Ruthven, Patrick (1573?-1651) (DNB00)
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Ruthven, Patrick (1573?-1651)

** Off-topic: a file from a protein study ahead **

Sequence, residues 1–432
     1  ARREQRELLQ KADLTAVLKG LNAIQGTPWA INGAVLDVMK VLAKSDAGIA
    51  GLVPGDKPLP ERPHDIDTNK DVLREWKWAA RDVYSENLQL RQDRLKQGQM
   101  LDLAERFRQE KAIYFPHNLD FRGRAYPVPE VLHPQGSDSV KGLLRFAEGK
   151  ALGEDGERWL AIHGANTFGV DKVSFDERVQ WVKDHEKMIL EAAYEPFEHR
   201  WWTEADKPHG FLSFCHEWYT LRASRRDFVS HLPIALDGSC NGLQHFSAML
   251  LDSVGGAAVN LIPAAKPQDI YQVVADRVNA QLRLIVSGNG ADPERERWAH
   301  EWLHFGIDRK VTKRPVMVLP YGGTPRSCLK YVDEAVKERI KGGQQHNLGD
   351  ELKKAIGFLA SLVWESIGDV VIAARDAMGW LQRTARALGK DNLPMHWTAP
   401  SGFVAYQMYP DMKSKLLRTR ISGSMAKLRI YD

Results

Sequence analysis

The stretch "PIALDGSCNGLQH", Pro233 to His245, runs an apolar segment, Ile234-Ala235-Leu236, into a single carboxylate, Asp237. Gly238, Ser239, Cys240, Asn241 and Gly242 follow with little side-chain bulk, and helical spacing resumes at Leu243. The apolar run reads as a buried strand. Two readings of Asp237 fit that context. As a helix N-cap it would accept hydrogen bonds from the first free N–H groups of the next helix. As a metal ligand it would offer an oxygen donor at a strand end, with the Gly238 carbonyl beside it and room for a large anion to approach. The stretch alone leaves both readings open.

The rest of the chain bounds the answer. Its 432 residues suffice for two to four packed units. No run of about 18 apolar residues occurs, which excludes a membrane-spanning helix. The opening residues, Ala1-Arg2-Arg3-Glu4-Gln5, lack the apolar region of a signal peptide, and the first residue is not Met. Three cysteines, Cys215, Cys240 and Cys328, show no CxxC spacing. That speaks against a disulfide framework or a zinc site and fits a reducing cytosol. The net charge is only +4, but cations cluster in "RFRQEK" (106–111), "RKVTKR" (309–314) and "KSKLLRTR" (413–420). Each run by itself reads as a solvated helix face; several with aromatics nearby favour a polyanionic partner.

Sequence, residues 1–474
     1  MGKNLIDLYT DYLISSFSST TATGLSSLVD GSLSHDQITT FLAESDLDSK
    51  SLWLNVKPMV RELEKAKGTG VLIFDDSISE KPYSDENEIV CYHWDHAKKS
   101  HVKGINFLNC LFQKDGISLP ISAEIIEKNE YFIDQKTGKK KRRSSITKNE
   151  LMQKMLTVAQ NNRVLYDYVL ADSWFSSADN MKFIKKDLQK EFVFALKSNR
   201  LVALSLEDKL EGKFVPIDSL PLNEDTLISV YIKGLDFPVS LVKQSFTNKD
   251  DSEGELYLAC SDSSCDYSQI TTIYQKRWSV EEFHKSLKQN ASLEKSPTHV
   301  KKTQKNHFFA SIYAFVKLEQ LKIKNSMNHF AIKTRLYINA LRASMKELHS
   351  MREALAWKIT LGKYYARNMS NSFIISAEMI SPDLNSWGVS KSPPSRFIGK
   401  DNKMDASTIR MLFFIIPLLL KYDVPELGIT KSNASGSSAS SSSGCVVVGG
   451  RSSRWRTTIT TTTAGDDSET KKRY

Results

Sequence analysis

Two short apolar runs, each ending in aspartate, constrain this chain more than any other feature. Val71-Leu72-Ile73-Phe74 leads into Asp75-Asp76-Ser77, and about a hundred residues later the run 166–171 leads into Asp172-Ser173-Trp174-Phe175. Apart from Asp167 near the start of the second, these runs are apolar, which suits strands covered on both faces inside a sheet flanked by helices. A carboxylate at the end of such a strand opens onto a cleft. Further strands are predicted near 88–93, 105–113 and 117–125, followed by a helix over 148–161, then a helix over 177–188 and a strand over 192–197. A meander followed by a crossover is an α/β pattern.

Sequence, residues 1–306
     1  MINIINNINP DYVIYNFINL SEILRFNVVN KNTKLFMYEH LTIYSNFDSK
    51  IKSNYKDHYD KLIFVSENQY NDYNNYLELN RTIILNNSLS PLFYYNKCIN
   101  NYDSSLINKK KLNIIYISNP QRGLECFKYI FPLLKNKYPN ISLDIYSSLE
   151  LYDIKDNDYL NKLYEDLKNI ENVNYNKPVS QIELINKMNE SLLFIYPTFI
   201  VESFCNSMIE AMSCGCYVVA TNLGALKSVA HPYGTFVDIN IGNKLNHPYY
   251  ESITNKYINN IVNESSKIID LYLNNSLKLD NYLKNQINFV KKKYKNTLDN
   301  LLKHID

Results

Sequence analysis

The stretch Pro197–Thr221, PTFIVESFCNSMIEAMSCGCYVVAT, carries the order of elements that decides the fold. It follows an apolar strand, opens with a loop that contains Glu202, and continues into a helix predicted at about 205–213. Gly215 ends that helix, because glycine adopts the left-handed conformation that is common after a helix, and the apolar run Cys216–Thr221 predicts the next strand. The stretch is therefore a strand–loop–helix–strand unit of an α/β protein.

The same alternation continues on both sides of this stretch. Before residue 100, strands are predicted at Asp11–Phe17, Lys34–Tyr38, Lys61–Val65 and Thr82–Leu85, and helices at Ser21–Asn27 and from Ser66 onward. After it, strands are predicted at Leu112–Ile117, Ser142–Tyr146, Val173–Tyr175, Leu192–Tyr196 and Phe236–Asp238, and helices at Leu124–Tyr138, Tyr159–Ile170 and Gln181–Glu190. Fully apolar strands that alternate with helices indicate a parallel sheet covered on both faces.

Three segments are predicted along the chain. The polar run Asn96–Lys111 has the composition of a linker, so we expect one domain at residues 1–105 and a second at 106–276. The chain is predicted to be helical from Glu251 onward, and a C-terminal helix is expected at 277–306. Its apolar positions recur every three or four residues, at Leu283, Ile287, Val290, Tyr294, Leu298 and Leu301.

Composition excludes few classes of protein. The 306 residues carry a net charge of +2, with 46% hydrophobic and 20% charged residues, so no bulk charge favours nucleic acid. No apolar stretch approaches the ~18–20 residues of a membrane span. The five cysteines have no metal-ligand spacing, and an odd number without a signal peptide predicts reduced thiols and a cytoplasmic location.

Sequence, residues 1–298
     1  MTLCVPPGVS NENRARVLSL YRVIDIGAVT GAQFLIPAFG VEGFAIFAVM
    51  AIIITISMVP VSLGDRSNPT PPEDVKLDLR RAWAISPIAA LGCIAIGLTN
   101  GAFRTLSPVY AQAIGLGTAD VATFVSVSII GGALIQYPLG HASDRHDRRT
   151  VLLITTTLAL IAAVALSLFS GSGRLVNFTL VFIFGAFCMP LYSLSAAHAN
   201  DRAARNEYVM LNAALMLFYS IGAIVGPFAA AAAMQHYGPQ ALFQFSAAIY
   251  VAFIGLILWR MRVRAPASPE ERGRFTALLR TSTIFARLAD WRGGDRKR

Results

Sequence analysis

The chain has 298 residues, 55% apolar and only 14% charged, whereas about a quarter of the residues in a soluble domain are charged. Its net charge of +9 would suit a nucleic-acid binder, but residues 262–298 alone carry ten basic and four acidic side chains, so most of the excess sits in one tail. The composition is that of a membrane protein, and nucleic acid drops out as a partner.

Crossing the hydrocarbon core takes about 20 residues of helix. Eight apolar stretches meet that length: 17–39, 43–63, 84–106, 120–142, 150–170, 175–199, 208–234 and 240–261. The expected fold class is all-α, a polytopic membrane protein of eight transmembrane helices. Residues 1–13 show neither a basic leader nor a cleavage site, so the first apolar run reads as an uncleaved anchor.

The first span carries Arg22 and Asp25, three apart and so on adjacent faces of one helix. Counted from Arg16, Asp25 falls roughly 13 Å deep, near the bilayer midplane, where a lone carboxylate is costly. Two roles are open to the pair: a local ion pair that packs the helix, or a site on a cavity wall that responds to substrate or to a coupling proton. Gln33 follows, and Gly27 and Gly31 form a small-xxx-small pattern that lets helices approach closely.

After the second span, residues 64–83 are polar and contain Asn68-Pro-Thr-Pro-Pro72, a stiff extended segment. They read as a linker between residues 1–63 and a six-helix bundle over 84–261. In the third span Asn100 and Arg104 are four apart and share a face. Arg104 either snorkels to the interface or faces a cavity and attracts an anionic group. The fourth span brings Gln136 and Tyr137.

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RUTHVEN, PATRICK, Earl of Forth and Brentford (1573?–1651), second son of William Ruthven of Ballindean, Perthshire (great-grandson of William, first lord Ruthven), and Katherine Stewart, daughter of John, lord Stewart of Invermeath, was born about 1573. His name appears in the lists of Swedish captains about 1606–9. He was appointed captain in a regiment of Scots in Sweden, enrolled in 1612; and in 1615, while still captain, he was directed by Gustavus Adolphus to levy one thousand foreign soldiers and conduct them to Narva. In 1616 he was appointed to the command of an East Gothland troop of three hundred men; and having, notwithstanding the proscription of the Ruthven family on account of the Gowrie conspiracy, obtained in June 1618 from James I of England a certificate of gentle descent, he was appointed by Gustavus to the command of a Smaland company of five hundred foot, and shortly afterwards was promoted colonel of a regiment. From this time he distinguished himself in many important engagements, especially at the battle of Dirschau, on 8 Aug. 1627; and on 23 Sept. he received, along with several others, the honour of knighthood from Gustavus Adolphus, in presence of the whole army. He is said to have won the special favour of Gustavus Adolphus mainly by the important services he rendered him through his extraordinary power of withstanding the effects of intoxicating liquor. ‘When the king wanted,’ says Harte, ‘to regale ministers and officers of the adverse party, in order to extract secrets from them in their more cheerful hours, he made Ruthven field-marshal of the bottle and glasses, as he could drink immeasurably and preserve his understanding to the last’ (Harte, Life of Gustavus Adolphus, i. 177). He was present at the capture of Strasburg in 1628, and the battle of Leipzig, 2 Sept. 1631. On the surrender of Ulm, in February 1632, he was appointed commander of the Swedish garrison left to hold it, and shortly afterwards he received the grafschaft or earldom of Kirchberg, near Ulm, worth about 1,800l. a year. In May he was raised to the rank of major-general, and left in Swabia in joint command, with Duke Bernard of Weimar, of eight thousand men. In October he was sent as sergeant-major-general to the Palatine Christian of Birckenfelt, and was present at the capture of Landsberg. In December he was appointed to the joint command, with Colonel Sparruyter, of the forces under General Banier, then incapacitated. He proceeded to England in March 1634 for the purpose of raising new levies (Cal. State Papers, Dom. Ser. 1633–4, pp. 496, 518); and having, after his return, been appointed lieutenant-general to Banier in Thuringia, and also to the command of a regiment of cavalry, he distinguished himself in several important engagements.